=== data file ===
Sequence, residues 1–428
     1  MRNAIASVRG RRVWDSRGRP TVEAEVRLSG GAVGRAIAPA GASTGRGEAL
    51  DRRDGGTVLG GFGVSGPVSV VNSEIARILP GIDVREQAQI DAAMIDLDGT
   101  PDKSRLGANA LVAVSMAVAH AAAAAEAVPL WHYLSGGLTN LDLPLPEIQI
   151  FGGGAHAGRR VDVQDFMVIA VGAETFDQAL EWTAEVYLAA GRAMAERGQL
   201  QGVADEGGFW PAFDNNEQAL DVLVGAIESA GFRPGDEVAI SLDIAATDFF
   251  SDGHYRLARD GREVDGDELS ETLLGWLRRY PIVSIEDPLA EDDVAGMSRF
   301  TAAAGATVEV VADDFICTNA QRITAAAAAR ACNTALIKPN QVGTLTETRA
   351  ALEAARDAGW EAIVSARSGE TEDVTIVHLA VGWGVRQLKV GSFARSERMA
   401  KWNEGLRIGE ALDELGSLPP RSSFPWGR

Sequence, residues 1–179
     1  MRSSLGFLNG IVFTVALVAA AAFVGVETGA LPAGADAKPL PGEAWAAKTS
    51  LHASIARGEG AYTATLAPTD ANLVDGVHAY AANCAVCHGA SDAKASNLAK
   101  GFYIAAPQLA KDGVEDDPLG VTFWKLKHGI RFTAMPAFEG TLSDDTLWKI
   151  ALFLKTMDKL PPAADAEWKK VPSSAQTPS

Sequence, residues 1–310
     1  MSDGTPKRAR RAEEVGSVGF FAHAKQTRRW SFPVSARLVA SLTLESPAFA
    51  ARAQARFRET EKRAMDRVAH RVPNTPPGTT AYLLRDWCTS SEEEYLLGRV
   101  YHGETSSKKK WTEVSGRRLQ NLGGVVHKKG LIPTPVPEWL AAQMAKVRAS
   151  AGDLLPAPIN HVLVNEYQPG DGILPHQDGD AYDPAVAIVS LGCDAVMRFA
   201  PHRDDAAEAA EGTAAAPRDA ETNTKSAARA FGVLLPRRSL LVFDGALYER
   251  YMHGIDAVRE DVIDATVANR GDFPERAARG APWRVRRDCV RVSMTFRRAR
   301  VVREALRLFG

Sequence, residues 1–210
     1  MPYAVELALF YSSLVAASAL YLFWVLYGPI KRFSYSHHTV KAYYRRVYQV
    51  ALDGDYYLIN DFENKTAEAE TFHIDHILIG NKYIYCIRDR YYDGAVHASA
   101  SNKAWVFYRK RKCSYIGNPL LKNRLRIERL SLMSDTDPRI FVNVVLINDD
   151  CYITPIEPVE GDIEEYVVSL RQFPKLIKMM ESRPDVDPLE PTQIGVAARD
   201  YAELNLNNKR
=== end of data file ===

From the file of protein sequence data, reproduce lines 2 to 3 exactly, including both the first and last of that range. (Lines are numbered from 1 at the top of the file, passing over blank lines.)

     1  MRNAIASVRG RRVWDSRGRP TVEAEVRLSG GAVGRAIAPA GASTGRGEAL
    51  DRRDGGTVLG GFGVSGPVSV VNSEIARILP GIDVREQAQI DAAMIDLDGT